Excerpts from Random Musings By Alaf Khan-V

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Excerpts from Random Musings
By Alaf Khan-V
Khyber Medical College and Lady
Reading Hospital (1972 ---- 1996)

The 23 years of life in these two institutions were a gardening interlude for planting, pruning, grooming and harvesting a generation of young professionals. Lecturing to the undergraduates and teaching them at the bedside were elating moments. Molding young House Officers and grilling the Registrars felt like nursing the rose bushes and pruning the apple trees. Clinical teachers bear an awesome responsibility. It is their duty to make sure that half-baked “Registered Medical Practitioners” (RMPs)are not unleashed on the blindly-trusting public. Medical teachers cannot impart skills and ethics through lectures; they have tolive them daily in their personal as well as professional lives. Scores of lectures on ethics can’t replace a single ethical action by a role model. Preaching piety in the lecture room is futile if greed and lies are not reined in outside the classroom. So often goes unheeded the Quranic warning: Believers! Why do you say that which you do not do? Greatly disliked by Allah is that which you utter but do it not (Al-Quran 61: 2 & 3). 

It is a spiritual joy to see these young men and women blossom, flower and fruit as specialists in one discipline or another, within the country or abroad. 


Dr. Alaf Khan

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The Medal

The British are perhaps the most tradition-bound people on earth. They have an ancient system of Honouring some of the monarch’s subjects on New Year's Day and on the Official Royal Birthday every year. The recipients belong to diverse fields of life. They include industrialists, business tycoon, politicians, singers, actors, judges, comedians, musicians, sportsmen, academicians, civil servants, church officials, and military personnel. A few eminent scientists and health caregivers are also included for good measure. The Awards are ranked from the lowest to the highest, e.g. OBE, MBE, CBE, CH, Knight, Life Peer, etc. The legendary Beetles were honored, not for their musical talents but, for earning precious foreign exchange for the country. The famous Mr. Butlin was a business tycoon who ran a chain of holiday camps in the country for working-class families. That profitable enterprise earned him a Knighthood in the Royal Honor List. Sir David Frost and Sir David Attenborough got their well-deserved Knighthoods for their broadcasting and journalistic excellence. Sir David Attenborough is an environmentalist and philanthropist of exceptional caliber. His lifelong endeavor for the survival of human species merits a lot more than a Nobel award. There are perhaps some cases of lobbying, string-pulling and canvassing but, as a rule,Honors go to deserving persons rather than persons chasing Honors.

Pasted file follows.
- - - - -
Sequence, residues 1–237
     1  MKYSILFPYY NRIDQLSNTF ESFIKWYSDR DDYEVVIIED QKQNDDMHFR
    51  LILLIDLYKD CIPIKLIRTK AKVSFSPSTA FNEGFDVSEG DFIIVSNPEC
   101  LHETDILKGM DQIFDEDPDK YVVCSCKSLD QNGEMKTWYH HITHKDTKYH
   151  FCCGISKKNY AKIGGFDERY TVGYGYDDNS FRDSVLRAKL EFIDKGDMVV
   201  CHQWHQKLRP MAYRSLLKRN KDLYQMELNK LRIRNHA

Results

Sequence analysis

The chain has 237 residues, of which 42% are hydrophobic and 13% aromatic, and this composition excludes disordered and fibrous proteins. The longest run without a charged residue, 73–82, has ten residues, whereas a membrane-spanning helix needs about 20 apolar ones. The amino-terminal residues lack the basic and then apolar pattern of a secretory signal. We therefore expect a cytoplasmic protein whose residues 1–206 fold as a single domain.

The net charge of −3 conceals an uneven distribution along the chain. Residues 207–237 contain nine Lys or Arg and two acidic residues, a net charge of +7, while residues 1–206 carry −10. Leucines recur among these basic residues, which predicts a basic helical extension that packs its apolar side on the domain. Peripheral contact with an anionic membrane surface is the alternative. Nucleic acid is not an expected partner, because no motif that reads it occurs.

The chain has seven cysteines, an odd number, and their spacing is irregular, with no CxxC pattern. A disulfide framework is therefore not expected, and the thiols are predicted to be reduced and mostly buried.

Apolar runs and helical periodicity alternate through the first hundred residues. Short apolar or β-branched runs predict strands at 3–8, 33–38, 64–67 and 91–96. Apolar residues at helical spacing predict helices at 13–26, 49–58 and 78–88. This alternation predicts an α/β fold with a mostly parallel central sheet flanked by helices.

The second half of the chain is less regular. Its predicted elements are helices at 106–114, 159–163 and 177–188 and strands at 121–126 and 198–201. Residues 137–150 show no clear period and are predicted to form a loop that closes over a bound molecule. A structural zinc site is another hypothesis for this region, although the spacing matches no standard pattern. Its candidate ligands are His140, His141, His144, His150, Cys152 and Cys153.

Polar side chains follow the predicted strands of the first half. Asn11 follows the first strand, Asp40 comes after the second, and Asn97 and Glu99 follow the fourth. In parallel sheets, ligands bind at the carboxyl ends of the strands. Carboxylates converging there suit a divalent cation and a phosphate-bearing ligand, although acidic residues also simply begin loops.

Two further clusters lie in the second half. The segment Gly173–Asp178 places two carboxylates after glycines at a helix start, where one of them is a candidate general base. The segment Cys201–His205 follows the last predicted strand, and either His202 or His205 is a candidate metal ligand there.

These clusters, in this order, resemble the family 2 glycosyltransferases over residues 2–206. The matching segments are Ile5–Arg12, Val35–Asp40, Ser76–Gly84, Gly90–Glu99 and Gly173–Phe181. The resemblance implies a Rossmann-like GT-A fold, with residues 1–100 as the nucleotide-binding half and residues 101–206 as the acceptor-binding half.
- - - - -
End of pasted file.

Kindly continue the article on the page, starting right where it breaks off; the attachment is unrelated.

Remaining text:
We, in Pakistan, have inherited the British legacy, but with a difference. Unlike British citizens, the glory seekers here pull all accessible strings, exploit every available political clout, employ the forces of friendship, utilize family links and “donate” to various funds in the hope of receiving a Presidential Award of one category or another. One such hopeful posted his oft-printed photograph and autobiography on Facebook with the embarrassing plea: Long overdue for Sitara-e-Imtiaz or Pride of Performance. Share if you agree. This Facebook post is attributed to some pseudonymous lady in his hometown. It is sad how some respectable citizens resort to such lowly devices in pursuit of one of theseMedals. 

The recipients’ names are announced on the country’s Independence Day (14th August) every year. The actual conferment by the President, or by the Provincial Governors on the President’s behalf, takes place on the ensuing Republic Day (23rd March). I have repeatedly gone through the embarrassing experience of writing greatly spiced testimonials on behalf of friends who were desperate to be nominated for one such Award. One famous friend, Dr. AAZ, had authored several books and wrote a daily column in a national newspaper. He knew of my close friendship with the late Ahmad Nadeem Qasmi. One day AAZ bulldozed me into phoning Mr. Qasmi and asking him to write a note to the then Federal Cabinet Secretary, Mr. Ejaz Rahim, for listing the gentleman for the Pride of Performance medal. Ihanded the phone over to my friend to himself explain his requirement to Nadeem Qasmi. In the end, Dr. AAZ was a bit disgruntled when he received the lower-ranking Tamgha-i-Imtiaz instead of the Pride of Performance.He registered his displeasure by staying home and sending his wife to the Governor House to receive the award on his behalf. No one cared then, and no one remembers now, what class of Medal he received. Thecase of another close, and ambitious, friend was too complicated, too personal and too embarrassing to dwell on here. I had personally discussed this at length with the NWFP Governor (Justice Usman Ali Shah) and again with the Federal Cabinet Minister, Barrister Javed Jabbar. Javed examined the case in detail and told me my friend could never be considered for any Award. And he gave me very cogent reasons for saying so. My friend perhaps still keeps hoping that the Medal shall someday fall into his lap. Optimism is certainly an asset, but it becomes a malady beyond a point